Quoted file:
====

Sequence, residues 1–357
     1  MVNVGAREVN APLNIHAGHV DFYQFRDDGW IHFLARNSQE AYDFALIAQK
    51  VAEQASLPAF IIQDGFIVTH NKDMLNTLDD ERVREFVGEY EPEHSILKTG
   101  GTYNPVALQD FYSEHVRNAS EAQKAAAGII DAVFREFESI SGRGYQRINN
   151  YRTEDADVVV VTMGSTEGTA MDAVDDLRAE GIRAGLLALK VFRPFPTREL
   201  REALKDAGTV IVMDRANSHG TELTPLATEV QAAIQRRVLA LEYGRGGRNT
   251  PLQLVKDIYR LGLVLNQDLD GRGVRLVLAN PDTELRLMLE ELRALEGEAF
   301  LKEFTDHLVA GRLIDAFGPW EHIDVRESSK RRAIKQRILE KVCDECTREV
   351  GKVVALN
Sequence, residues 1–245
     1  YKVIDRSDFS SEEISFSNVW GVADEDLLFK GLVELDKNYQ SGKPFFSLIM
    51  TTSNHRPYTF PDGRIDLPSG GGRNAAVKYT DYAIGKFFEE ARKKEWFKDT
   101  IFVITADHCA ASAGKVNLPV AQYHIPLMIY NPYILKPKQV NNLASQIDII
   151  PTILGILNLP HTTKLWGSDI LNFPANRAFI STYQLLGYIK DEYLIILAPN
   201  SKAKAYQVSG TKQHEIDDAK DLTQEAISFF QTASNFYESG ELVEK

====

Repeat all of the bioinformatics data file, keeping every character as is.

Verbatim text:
Sequence, residues 1–357
     1  MVNVGAREVN APLNIHAGHV DFYQFRDDGW IHFLARNSQE AYDFALIAQK
    51  VAEQASLPAF IIQDGFIVTH NKDMLNTLDD ERVREFVGEY EPEHSILKTG
   101  GTYNPVALQD FYSEHVRNAS EAQKAAAGII DAVFREFESI SGRGYQRINN
   151  YRTEDADVVV VTMGSTEGTA MDAVDDLRAE GIRAGLLALK VFRPFPTREL
   201  REALKDAGTV IVMDRANSHG TELTPLATEV QAAIQRRVLA LEYGRGGRNT
   251  PLQLVKDIYR LGLVLNQDLD GRGVRLVLAN PDTELRLMLE ELRALEGEAF
   301  LKEFTDHLVA GRLIDAFGPW EHIDVRESSK RRAIKQRILE KVCDECTREV
   351  GKVVALN
Sequence, residues 1–245
     1  YKVIDRSDFS SEEISFSNVW GVADEDLLFK GLVELDKNYQ SGKPFFSLIM
    51  TTSNHRPYTF PDGRIDLPSG GGRNAAVKYT DYAIGKFFEE ARKKEWFKDT
   101  IFVITADHCA ASAGKVNLPV AQYHIPLMIY NPYILKPKQV NNLASQIDII
   151  PTILGILNLP HTTKLWGSDI LNFPANRAFI STYQLLGYIK DEYLIILAPN
   201  SKAKAYQVSG TKQHEIDDAK DLTQEAISFF QTASNFYESG ELVEK